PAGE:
Does a key safe invalidate home insurance?
A wall-mounted key safe is useful for storing a key outside, but make sure you check it’s covered by your home insurance.
Outside wall-mounted key safes are a useful way to securely store your keys so that visitors can let themselves in.
But you’ll need to check that using one won’t invalidate your home insurance.
- Key safes are outside wall-mounted strong boxes that securely store the keys to your door
- They’re useful for carers, dog-walkers and cleaners to access your home, plus for holiday home visitors
- Not all insurers will cover key safes, so check with your provider
- Look for police-approved boxes with the ‘Secured by Design’ logo
Are key safes better than alternative key storage methods?
Popping a spare key under a doormat or in a plant pot may have been the preferred method of hiding away a key in the past.
But if you did that today and a burglar used your key to enter your home, it will likely invalidate your home insurance claim. That’s because most insurers won’t pay out if there are no signs of forced entry.
Key safes are small metal boxes used to store spare keys. They’re usually mounted on a wall near the front door of a property.
To open a key safe, you need to key in the combination code or rotate the combination wheel.
When might you use a key safe?
They’re useful in a lot of different circumstances. For example, if a carer needs to enter a property to look after an elderly or unwell person who can’t get to the door. Or for letting in a cleaner or dog-walker when you’re not at home.
They’re also useful for children, allowing them to access the house when they need to while reducing the risk of them losing the keys when they’re out and about. They can also be useful if you mislay your keys, too.
Many people who own holiday homes or Airbnbs also use key safes. It means visitors can enter the property without the owner having to be there to let them in.
Do key safes invalidate home insurance?
It’s always best to check with your insurer before you buy and install a key safe. Read through policy documents, and if you can’t see any explicit mention of key safes, then contact your insurer.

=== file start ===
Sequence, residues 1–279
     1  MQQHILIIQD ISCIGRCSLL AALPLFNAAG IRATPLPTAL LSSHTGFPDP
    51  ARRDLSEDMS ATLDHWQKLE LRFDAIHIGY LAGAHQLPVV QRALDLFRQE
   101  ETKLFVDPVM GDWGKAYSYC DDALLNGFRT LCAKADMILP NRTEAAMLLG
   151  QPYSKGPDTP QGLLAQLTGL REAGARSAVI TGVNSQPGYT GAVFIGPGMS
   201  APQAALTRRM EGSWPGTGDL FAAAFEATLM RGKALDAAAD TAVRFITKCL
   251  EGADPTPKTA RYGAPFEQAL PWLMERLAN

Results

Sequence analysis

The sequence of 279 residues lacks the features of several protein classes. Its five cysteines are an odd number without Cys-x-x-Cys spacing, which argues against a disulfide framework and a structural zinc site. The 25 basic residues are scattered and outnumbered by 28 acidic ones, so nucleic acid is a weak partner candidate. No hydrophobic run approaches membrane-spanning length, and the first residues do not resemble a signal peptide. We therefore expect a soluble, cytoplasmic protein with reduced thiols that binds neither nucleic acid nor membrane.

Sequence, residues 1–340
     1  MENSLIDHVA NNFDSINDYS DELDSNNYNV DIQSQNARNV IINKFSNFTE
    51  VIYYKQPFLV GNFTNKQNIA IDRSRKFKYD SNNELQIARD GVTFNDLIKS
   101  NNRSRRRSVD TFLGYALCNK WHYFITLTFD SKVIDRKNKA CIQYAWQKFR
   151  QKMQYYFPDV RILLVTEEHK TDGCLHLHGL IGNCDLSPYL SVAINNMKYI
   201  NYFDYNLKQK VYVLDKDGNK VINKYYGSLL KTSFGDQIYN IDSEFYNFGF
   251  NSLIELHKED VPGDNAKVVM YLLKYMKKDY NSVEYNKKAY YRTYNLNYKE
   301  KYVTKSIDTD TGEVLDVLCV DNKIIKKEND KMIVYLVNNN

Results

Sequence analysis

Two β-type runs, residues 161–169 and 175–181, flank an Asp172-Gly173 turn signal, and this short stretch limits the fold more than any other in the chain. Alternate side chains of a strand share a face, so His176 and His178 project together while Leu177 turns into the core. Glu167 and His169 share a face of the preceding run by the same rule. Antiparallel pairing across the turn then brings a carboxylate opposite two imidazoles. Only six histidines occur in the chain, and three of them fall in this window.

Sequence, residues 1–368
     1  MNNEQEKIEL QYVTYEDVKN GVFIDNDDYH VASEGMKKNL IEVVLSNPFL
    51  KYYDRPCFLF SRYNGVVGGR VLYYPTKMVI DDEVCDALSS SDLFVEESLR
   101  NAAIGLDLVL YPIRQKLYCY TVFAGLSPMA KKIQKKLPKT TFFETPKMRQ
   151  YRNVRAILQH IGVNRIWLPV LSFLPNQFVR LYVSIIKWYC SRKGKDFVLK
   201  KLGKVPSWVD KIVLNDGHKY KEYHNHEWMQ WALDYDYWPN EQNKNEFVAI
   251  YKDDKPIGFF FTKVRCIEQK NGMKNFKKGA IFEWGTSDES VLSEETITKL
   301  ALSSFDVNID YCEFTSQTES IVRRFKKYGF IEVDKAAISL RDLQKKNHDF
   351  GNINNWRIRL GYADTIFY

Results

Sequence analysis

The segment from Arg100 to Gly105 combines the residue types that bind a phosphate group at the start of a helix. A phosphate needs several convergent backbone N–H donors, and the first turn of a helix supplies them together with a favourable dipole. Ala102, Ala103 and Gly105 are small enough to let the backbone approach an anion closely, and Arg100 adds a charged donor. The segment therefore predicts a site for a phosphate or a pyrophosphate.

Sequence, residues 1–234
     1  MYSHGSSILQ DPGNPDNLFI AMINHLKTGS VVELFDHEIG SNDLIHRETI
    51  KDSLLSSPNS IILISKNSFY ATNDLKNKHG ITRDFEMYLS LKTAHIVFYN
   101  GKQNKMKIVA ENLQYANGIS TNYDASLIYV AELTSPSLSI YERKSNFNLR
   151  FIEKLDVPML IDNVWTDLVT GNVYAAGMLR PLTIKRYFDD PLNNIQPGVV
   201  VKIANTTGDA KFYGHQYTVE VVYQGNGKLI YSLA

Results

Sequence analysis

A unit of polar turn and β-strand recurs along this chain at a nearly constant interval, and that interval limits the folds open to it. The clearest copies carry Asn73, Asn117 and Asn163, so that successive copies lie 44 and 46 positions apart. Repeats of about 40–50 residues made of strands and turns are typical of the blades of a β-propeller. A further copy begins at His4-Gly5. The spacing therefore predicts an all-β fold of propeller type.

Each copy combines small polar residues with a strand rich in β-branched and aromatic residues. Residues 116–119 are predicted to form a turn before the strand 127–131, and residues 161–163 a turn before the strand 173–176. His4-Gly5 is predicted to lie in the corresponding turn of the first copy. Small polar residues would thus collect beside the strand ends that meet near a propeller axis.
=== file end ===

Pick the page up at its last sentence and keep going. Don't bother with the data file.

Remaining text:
Some insurers may stipulate that any type of key safe will invalidate your insurance. Others may only approve certain makes and models.
Providers may also specify certain conditions. This might include a requirement that the key safe is installed by a professional or located in a discreet place, and that you only share your key code with a small number of trusted individuals.
Are key safes a good idea?
They’re handy in a lot of circumstances, but you should be choosy about which type you install.
Poorly designed key safes that can easily be broken into pose a security risk. So, opt for something that’s well-made, robust and durable.
Which key safes are insurance approved?
You’ll need to check with your insurance provider to confirm which key safes (if any) are covered by your policy.
Police-approved or ‘Secured by Design’ labelled key safes are the most reliable as they can better withstand physical attack.
How to make sure your key safe is secure
There’s lots you can do to minimise the risk of your key safe being compromised.
- Make sure you choose a difficult combination code. Avoid things like 1,2,3,4 or your year of birth
- Look for a key safe which has a large number of buttons to make it more difficult for thieves to guess your combination
- Only share the code with a small number of trusted people
- Change the code for your key safe regularly, especially after someone no longer needs access to it
- Don’t install the key safe right next to the front door. The police recommend placing the safe somewhere inconspicuous, such as by shrubbery or window boxes
- Don’t install the box in a place where a thief could easily hide while trying to break into it